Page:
This eToro review wouldn’t be complete without a clear risk warning. eToro is a multi-asset platform which offers both investing in stocks and crypto assets, as well as trading CFD assets. Please note that CFDs are complex instruments and come with a high risk of losing money rapidly due to leverage. 69% of retail investors accounts lose money when trading CFDs with this provider. You should consider whether you understand how CFDs work and whether you can afford to take the high risk of losing your money.

To open an account with eToro and begin trading with pretend or real money, click here. Capital is at risk.

The pros and cons of the eToro platform

Pros:

1. Most user-friendly investing app on the market

eToro is, in our opinion, one of the most user-friendly trading app interfaces on the market. This makes it perfect for beginners, who simply want to invest in shares without having to learn about ‘back-end’ technical terms such as settlement periods.

2. Instant trading without the lag

The trading experience inside the app is lightening quick. After making a trade, shares immediately appear in your portfolio. This provides instant clarity on your latest position.

When making financial transactions like buying or selling shares, investors always like to check their portfolio afterwards to check that the trade went through correctly. Many investors using other stockbrokers are out-of-luck, as the impact of their trades don’t immediately show up in their account, forcing investors to wait hours or even days to see their new position.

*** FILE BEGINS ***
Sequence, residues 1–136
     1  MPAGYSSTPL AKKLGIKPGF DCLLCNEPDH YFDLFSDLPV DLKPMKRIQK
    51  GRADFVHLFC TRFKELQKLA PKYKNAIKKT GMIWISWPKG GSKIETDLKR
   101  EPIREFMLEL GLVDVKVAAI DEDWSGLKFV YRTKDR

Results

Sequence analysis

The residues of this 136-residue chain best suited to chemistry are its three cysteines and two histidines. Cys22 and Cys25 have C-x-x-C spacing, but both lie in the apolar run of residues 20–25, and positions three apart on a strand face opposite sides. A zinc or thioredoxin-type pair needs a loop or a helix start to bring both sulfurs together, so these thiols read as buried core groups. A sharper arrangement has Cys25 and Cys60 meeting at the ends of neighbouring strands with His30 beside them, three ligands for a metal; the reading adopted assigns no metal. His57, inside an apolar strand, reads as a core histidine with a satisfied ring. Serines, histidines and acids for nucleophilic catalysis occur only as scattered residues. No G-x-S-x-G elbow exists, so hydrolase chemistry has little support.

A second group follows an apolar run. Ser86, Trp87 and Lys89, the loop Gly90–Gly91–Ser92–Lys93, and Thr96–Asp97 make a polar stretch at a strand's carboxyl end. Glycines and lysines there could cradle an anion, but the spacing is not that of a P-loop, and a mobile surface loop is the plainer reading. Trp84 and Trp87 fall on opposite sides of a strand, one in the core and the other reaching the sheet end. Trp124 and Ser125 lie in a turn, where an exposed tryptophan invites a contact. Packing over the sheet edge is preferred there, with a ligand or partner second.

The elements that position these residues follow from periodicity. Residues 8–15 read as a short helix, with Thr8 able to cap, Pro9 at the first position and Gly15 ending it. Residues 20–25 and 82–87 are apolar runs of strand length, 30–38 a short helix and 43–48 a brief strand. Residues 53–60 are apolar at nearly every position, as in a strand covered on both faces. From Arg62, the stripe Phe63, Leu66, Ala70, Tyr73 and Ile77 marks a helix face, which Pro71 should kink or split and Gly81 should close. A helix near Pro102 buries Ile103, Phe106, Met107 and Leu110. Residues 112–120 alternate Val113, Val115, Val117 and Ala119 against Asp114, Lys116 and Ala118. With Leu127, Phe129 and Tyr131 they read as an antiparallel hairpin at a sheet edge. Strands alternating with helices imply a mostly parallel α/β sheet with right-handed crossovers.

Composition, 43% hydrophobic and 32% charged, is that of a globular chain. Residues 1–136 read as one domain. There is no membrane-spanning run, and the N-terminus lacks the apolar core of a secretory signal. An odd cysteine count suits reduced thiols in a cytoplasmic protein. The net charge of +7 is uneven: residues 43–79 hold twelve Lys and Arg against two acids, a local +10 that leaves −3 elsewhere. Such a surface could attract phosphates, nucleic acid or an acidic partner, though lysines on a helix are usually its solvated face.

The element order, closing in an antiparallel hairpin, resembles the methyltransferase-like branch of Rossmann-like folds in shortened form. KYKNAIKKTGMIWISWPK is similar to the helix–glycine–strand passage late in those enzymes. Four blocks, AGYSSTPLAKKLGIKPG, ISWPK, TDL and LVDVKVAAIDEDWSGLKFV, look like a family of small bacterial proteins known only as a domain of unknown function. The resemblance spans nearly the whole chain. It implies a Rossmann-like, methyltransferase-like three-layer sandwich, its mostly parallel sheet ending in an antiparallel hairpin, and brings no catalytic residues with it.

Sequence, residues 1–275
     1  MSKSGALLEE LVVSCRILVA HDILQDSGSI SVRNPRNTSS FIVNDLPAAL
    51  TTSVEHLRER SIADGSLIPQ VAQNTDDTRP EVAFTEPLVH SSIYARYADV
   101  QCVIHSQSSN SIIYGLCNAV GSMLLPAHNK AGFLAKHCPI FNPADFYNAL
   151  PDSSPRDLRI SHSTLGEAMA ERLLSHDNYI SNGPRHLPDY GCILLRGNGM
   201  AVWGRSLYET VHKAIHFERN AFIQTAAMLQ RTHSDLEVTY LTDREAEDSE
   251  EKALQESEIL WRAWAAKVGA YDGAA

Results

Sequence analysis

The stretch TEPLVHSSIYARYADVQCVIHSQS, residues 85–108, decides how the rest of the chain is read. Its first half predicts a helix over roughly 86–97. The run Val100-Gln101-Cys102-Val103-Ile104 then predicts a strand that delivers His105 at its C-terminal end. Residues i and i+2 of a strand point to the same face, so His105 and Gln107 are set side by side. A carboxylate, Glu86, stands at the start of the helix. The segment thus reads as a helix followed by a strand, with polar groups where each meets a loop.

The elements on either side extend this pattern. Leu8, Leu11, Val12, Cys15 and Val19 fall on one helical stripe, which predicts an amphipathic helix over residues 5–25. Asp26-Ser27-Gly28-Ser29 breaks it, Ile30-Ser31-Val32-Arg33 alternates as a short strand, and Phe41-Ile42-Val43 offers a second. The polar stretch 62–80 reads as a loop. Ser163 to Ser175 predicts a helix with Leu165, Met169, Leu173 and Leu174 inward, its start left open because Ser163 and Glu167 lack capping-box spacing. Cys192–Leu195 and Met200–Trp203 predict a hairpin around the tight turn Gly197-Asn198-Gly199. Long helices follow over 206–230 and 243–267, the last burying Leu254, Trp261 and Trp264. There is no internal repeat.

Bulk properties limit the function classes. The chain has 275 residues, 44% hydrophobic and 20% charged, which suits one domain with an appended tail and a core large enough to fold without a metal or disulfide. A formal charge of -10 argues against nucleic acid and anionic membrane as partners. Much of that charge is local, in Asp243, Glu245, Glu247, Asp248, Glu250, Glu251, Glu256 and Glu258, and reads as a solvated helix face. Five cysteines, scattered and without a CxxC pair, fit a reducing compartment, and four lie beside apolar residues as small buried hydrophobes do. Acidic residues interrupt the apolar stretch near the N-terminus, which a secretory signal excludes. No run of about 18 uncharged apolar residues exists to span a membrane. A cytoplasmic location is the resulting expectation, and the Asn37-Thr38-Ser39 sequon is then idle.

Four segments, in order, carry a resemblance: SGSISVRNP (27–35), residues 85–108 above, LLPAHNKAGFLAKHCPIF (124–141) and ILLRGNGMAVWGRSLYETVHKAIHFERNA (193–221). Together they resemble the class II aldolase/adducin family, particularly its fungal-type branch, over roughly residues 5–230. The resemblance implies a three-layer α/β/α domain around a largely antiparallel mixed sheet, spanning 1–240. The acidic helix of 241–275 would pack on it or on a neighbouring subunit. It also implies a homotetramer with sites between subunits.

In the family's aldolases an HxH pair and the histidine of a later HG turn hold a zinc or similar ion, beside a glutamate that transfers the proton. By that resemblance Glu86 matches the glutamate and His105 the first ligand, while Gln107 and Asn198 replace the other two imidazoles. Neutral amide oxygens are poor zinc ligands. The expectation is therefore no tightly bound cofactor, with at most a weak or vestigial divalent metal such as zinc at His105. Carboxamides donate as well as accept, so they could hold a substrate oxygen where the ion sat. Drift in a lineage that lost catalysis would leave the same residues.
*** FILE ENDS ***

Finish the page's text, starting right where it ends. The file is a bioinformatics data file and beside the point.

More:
3. Zero commissions on share trading is a big win for small investors

Paying nil trading fees is a brilliant feature for small investors, and here’s why. On most trading platforms, trading fees are charged at a flat rate per trade. For example, £7.50 to buy some shares and £7.50 to sell some shares.

  • Buy some shares then later decide to top-up your holding some more? You’ll need to pay commission twice.
  • Want to buy only a small value of shares? The fee stays the same, eating up a chunk of your trade value.
  • Trading commissions hurt small investors in particular because they form a larger % of small trades.

That’s why platforms such as eToro are particular attractive to younger investors or new investors. These two groups of investors tend to have modest portfolios, and therefore stand to gain more from commission-free trading.

Cons:

1. ‘Social trading’ feels gimmicky

We found the ‘social trading network’ a bit unnecessary if we’re being honest. If all of eToro’s social features were removed from the app, we wouldn’t deduct any stars from our rating. Some people love it – we recognise that. But we don’t feel that it adds much value to the user experience.

The extensive comment threads underneath each asset are fast-paced and feature comprehensive debate. That’s not disputed. We just question whether this stream of commentary is particularly helpful to an individual investor; particularly someone looking to ‘buy and hold’ for the long term.